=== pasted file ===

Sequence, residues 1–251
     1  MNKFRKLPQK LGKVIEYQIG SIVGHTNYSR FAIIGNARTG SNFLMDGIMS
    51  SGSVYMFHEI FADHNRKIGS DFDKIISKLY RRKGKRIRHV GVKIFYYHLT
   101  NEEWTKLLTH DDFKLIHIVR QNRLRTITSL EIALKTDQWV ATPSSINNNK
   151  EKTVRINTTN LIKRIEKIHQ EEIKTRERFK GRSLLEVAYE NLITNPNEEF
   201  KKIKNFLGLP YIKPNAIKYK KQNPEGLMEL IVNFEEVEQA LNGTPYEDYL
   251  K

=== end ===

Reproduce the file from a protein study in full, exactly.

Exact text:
Sequence, residues 1–251
     1  MNKFRKLPQK LGKVIEYQIG SIVGHTNYSR FAIIGNARTG SNFLMDGIMS
    51  SGSVYMFHEI FADHNRKIGS DFDKIISKLY RRKGKRIRHV GVKIFYYHLT
   101  NEEWTKLLTH DDFKLIHIVR QNRLRTITSL EIALKTDQWV ATPSSINNNK
   151  EKTVRINTTN LIKRIEKIHQ EEIKTRERFK GRSLLEVAYE NLITNPNEEF
   201  KKIKNFLGLP YIKPNAIKYK KQNPEGLMEL IVNFEEVEQA LNGTPYEDYL
   251  K